Lying spent in Henry’s arms afterward, Eleanor felt such a surge of love for this complex, difficult man that it was like an emotional orgasm, leaving her breathless and near to tears. Involuntarily, she clung to Henry as if she could never let go, and found herself wishing that things could always be this perfect between them.

  When she was calm again, they lay there replete, just looking at each other, with Henry’s rough hand resting lightly on her breast. We don’t need words, she thought. We have been married for eight years, and still it can be so good. She basked in the knowledge that her body continued to captivate Henry, and that, for all her thirty-eight years, she was yet a beautiful woman. Despite his dependence on the ever-present Becket, Henry still needed her. She had been at his side all through that great progress of England they made three years earlier; she had seen the wild northern shires and witnessed the submission of the Scots; she had been with Henry when they renounced the wearing of their crowns in Worcester Cathedral, sharing in an act of humility in honor of the crucified Christ; she had ruled England for eight months after that progress, when Henry was absent in France; and she had shared her husband’s joy and pride in their growing family, and borne the pain of his grief and her own in their terrible loss. She had never forgotten Henry’s ravaged face when she came face-to-face with him at Saumur in Anjou, five months after William’s death. Later, back in England, she wept with him before the little tomb in Reading Abbey, where their son had been laid to rest at the feet of his great-grandsire, the first King Henry. It was the heritage of these shared experiences, and the enduring rapture of their physical love, that had become the bedrock of their marriage.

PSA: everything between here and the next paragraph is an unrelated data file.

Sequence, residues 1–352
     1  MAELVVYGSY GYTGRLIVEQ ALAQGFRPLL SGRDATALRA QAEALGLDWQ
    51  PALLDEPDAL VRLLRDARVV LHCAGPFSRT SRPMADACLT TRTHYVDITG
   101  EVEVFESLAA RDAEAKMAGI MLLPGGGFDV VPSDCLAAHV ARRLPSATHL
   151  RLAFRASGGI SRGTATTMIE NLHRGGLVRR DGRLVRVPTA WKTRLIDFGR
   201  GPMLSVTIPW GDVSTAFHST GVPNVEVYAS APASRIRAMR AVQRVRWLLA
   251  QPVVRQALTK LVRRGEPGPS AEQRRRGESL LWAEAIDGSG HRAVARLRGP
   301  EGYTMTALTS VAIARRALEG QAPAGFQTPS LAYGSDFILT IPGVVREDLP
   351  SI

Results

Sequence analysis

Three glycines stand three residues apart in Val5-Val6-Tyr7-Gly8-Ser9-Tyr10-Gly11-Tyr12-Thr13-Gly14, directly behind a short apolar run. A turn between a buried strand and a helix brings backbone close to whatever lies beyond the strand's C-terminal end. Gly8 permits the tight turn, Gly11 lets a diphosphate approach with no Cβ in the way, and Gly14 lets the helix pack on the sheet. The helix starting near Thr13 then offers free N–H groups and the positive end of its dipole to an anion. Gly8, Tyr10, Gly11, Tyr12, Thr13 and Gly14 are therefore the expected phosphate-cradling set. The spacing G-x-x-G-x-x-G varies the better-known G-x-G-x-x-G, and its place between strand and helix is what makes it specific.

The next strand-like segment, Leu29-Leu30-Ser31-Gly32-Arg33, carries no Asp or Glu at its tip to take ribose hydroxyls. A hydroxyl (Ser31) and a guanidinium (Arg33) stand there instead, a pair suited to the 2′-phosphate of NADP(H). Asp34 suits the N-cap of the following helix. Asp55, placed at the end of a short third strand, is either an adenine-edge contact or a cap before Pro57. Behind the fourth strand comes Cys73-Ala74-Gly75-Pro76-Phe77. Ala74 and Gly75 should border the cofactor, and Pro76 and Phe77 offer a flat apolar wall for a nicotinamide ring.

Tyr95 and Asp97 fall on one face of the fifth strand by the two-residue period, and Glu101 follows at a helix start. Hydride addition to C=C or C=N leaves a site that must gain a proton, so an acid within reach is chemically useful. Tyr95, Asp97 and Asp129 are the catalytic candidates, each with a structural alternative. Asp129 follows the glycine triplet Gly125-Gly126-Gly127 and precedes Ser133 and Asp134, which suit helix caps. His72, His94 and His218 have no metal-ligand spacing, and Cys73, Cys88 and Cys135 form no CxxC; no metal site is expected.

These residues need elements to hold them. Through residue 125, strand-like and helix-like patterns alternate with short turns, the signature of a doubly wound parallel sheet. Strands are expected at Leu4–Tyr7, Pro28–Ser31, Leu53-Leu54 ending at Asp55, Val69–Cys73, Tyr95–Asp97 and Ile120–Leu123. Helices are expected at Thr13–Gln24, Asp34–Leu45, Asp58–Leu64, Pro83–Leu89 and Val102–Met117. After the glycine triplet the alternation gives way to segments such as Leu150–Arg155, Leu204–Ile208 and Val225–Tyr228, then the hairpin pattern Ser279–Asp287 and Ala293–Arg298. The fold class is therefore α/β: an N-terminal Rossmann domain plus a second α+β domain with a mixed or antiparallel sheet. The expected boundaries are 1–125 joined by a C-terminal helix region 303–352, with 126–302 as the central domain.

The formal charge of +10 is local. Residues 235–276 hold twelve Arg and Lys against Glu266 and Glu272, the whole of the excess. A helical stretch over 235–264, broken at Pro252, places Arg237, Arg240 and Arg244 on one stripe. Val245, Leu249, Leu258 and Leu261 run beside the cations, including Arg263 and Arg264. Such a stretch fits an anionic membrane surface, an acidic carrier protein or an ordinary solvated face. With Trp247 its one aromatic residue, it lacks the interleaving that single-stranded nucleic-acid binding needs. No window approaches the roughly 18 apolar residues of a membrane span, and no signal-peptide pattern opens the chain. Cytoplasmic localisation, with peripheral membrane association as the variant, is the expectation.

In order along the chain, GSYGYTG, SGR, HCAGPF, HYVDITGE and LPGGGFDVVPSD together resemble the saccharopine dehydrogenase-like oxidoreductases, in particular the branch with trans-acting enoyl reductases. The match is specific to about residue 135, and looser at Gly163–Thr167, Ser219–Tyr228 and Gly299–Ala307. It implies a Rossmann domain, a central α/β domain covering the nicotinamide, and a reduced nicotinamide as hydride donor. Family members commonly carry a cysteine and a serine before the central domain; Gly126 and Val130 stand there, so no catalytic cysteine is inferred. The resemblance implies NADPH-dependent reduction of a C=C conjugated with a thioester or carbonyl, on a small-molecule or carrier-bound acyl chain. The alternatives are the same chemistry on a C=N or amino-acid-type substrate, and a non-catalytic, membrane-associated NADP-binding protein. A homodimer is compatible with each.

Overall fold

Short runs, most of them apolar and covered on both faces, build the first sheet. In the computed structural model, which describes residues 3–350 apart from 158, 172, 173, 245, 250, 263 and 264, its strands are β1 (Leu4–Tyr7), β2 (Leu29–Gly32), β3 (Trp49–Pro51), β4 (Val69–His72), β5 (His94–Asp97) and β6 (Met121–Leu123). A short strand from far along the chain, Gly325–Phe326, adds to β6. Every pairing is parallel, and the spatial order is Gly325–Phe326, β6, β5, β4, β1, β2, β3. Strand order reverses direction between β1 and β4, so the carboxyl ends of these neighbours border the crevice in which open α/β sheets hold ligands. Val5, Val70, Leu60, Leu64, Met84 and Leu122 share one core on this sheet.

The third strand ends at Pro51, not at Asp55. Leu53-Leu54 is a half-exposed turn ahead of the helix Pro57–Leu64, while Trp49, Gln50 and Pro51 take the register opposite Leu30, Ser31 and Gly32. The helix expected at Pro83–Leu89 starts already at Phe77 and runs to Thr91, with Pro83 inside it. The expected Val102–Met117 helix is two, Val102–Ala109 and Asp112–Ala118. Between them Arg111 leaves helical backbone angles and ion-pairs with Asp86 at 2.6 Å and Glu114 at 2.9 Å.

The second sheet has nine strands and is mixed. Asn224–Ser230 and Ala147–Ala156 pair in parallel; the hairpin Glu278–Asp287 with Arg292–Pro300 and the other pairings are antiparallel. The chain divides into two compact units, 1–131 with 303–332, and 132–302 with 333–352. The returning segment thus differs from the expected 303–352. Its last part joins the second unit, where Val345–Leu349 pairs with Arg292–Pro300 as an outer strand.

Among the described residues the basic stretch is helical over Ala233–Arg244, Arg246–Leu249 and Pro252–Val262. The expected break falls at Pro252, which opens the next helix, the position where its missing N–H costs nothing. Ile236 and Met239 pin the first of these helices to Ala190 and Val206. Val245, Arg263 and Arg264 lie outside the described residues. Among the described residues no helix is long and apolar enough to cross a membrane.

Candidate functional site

Henry was sleeping now, snoring lightly against her shoulder. Her eyes wandered the length of his body, feasting upon strong limbs and toned muscles. Louis had looked defenseless in slumber, but not Henry. He was like a dormant lion. She wished they could be back in Poitiers together, as they had been the year before. They had lain night after night in her richly hung chamber in the Maubergeonne Tower, exploring new ways to make love and sleeping late in the mornings. In Rouen she was always the guest of the Empress, and felt she was there on sufferance; but in Poitiers she was the duchess—never mind her queenship—and could fully be herself on her home territory. How she yearned for the wild, summer-kissed beauty of her domains! That was where she truly belonged, not in these chilly northern lands, where the freedoms of the South were so much frowned upon.

  Henry, however, had been in Poitiers for a purpose. In fact, it had been her idea that he should attempt to enforce her ancestral rights to the southern province of Toulouse. But she set herself up for some prolonged
grief, for she had been left fretting in her tower while he rode south at the head of a large army—and she was still fretting, months later, when he rode back in a foul mood, having failed in his purpose. For as soon as he laid siege to the city of Toulouse, Louis had come to its defense, and Henry could hardly fight the overlord with whom he had so recently made that advantageous alliance. So he had been thwarted of Toulouse, and thereafter stayed in Normandy, dealing with pressing affairs there and sulking. Eleanor he had sent back to England, where once again she found herself ruling as regent, touring the kingdom, issuing writs, and dispensing justice. And there she had remained until Henry summoned her back to Normandy for the wedding.

  Louis would not make too much trouble, she was certain of that. He might bluster and protest at the marrying of his daughter without his knowledge, but he knew that Henry FitzEmpress was more than a match for him, so it was fairly safe to say that Henry would get away with what he had so impudently done.

  17

  Domfront, 1161

  Eleanor bit on the sheet and bore down hard, her chin pressed against her chest. The pain was unendurable, and the need to scream overpowering, but even in extremis she remembered that she was Queen of England and Duchess of Normandy and Aquitaine, and must behave as her dignity required.

  “Nearly there, Lady,” the midwife said. “One more push.”

  Eleanor somehow found the strength to make a final effort. This was her ninth confinement, and she had never suffered such a difficult travail; all her previous babes had slipped out easily into the world with the minimum of trouble and fuss. But she had not had an easy pregnancy, what with one problem or another to deal with—and no end to it in sight.

  She pushed—and the tiny head emerged into the midwife’s capable hands, followed by a slippery shoulder—and then the rest of this new little stranger.